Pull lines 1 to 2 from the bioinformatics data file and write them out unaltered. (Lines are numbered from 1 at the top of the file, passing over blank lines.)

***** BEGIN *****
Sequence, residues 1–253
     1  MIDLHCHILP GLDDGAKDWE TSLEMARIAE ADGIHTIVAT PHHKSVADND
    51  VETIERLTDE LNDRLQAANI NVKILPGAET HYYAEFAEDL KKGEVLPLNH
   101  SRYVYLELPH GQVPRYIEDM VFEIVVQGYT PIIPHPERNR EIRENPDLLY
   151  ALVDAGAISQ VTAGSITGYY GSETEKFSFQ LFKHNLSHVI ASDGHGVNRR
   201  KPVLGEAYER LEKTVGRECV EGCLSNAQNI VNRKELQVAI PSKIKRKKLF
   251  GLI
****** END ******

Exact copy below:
Sequence, residues 1–253
     1  MIDLHCHILP GLDDGAKDWE TSLEMARIAE ADGIHTIVAT PHHKSVADND